Shocking, unthinkable, infamous, ignominious: these are the words instinctively grasped for in trying to make sense of the act that irrupted into the World Cup final last night. Rarely does an athlete, playing atop so high a mountain of adulation, so utterly confound and defy the hopeful symbolism that has been placed upon him. It was a heavy blow, certainly, to the preformulated narrative about the exploits of multiracial soccer teams repairing the social fabric of European nations. If Zidane was always a reluctant poster boy for that story, he has now supplied the reason: temperamental unsuitability to turning the other cheek. The incident, amplified by taking place in the most watched sports event of the year, nevertheless brutally transcended the game in which it occurred. It will be publicly understood, digested, for days to come. It will lose force, be neutralized, but not without having revealed much.
What did Materazzi say? Could it have been so unfamiliarly offensive that it incited a frenzy? Or was it merely a petty final straw near the end of a long match, a long career, of being insulted for Zidane? Insulting a player to incite is common enough that there’s a word for it: sledging, from cricket, where it’s apparently done with the greatest skill by the Australians. Let’s be blunt: racial insults are the most reliable way to sledge. And Zidane, sadly, gets them not only from Europeans, but in 2001, from Algerians, who stigmatized him as a traitor. Maybe Zidane correctly surmised that no referees were looking, only to got caught by the replay; maybe he was discouraged by Buffon’s save of his last header, and by his injured arm, and went out with some payback.
Zidane, known for violent outbursts, in a 2004 interview: “It’s hard to explain but I have a need to play intensely every day, to fight every match hard. And this desire never to stop fighting is something else I learnt in the place where I grew up. And, for me, the most important thing is that I still know who I am. Every day I think about where I come from and I am still proud to be who I am: first, a Kabyle from La Castellane, then an Algerian from Marseille, and then a Frenchman.”
Will that complex and precarious genealogy now be read as a liability? Does the constant need to “know who I am” make one vulnerable to sledging? Even the attack itself was curiously controlled, unleashed swiftly but with the choice of target (the chest, the heart, even) demonstrating an intent not to injure. Certainly French rightists, already on record against the team’s composition, will want to link Zidane’s hyphenated identity with his unrecuperable failure yesterday as France’s captain and leader. Those defenders of French multiculturalism wishing to argue back will try and explain the matter by a simpler biography: he has a terrible temper. Already, many defenses of Zidane seek to sweep away the raw, disruptive moment last night. This event might, then, fade away into the background, stalemated by insinuations and shamefaced silence in the face of them.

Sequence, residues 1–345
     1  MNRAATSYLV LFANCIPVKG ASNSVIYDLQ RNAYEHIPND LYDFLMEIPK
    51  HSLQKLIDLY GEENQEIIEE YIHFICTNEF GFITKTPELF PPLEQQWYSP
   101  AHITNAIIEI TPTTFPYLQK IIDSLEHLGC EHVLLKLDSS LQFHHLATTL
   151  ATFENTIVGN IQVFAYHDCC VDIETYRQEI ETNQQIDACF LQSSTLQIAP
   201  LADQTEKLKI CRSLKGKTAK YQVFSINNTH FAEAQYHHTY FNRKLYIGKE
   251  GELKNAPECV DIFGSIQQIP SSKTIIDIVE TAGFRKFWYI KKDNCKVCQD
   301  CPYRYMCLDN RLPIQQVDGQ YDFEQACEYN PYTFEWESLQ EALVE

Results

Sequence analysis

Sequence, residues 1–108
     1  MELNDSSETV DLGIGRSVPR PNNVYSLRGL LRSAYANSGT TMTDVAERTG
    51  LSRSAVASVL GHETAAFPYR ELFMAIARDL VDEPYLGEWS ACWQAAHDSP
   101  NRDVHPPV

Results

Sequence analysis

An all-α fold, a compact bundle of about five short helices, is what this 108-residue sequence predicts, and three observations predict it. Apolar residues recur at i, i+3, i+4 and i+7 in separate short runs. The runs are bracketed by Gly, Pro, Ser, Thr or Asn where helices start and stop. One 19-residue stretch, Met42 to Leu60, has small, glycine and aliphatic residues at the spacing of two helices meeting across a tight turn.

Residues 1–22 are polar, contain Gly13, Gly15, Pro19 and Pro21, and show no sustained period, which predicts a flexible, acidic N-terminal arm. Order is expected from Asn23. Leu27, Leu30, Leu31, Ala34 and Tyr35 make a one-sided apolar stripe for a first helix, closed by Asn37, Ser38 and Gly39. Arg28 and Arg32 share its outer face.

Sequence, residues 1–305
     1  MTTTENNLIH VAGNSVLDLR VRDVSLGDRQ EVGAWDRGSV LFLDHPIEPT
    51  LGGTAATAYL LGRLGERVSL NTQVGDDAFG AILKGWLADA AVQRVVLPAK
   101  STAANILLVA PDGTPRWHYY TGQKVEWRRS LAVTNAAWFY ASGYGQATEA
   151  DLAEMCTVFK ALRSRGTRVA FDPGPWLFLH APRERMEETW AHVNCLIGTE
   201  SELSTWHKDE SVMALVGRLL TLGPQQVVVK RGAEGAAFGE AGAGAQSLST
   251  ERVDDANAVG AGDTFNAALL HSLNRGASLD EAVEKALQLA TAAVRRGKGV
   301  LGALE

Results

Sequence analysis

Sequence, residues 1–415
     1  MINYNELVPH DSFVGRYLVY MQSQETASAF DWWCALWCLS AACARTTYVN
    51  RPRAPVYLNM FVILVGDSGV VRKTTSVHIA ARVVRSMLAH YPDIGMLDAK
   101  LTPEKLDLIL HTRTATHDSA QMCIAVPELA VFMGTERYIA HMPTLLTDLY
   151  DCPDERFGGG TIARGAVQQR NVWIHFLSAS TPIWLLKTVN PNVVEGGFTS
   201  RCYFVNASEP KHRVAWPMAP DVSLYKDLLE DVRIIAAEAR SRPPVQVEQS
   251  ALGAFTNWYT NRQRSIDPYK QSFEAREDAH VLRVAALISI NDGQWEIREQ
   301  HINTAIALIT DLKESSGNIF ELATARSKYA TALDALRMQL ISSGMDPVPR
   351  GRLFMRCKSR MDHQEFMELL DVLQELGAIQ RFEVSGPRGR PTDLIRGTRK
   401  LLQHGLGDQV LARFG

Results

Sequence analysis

That would mark an occlusion of the dark side revealed by this World Cup, with its surface of friendly national stereotypes amounting to not much more than German efficiency, Brazilian rhythm, English bulldoggedness, and so forth. The sport itself cannot be fully enclosed within the advertisers’ wholesome branding of it: it is deceptively brutal, whatever your opinions on the intentionality of Rooney. Top players being sent off in important matches is the rule rather than the exception. Behind national fervor, for many, lies hatred. And worst of all, of course, is the endemic racism. From my perspective, it’s shocking that Spanish fans are given to making monkey noises at black players, that certain players, after scoring, give Nazi salutes to the skinheads in the crowd, that a widespread opinion holds France doesn’t “deserve to win” because of all the “Africans” on their team. I’m not being sanctimonious; this kind of outright racial prejudice is unutterable in U.S. public discourse, however widely it might be held.
Zidane’s act was also an act of contempt for soccer. It may have clarified his priority for pride and honor over winning. This is equally unfamiliar in the U.S., where sports are so heavily corporate that there is little tolerance for figures who do not, like Michael Jordan, always place the game above all else. Clearly, in European soccer, such divisions cannot be maintained: explosive mixtures of nationalism and race invade the soccer pitch in a more direct way. The celebratory rhetoric of soccer as the global, multicultural sport masks a great deal of ugly nationalist fantaticism, into which the players are necessarily, and unevenly, co-opted.
With what disconsolate combination of ambivalence and contempt must the man who gave his name to an entire generation of French youth have left the field of play? Finally, spare a thought for Thierry Henry, Zidane’s most sublime teammate and the player who leads soccer’s anti-racism campaign. The bravery with which Henry returned from being knocked woozy in the match’s beginning was a sports moment of a kind we are much more familiar with than the astonishing events of the match’s end. After all, it’s only a game, right?
Abbas has some additional thoughts on Zidane and Racism.
See some other Dispatches.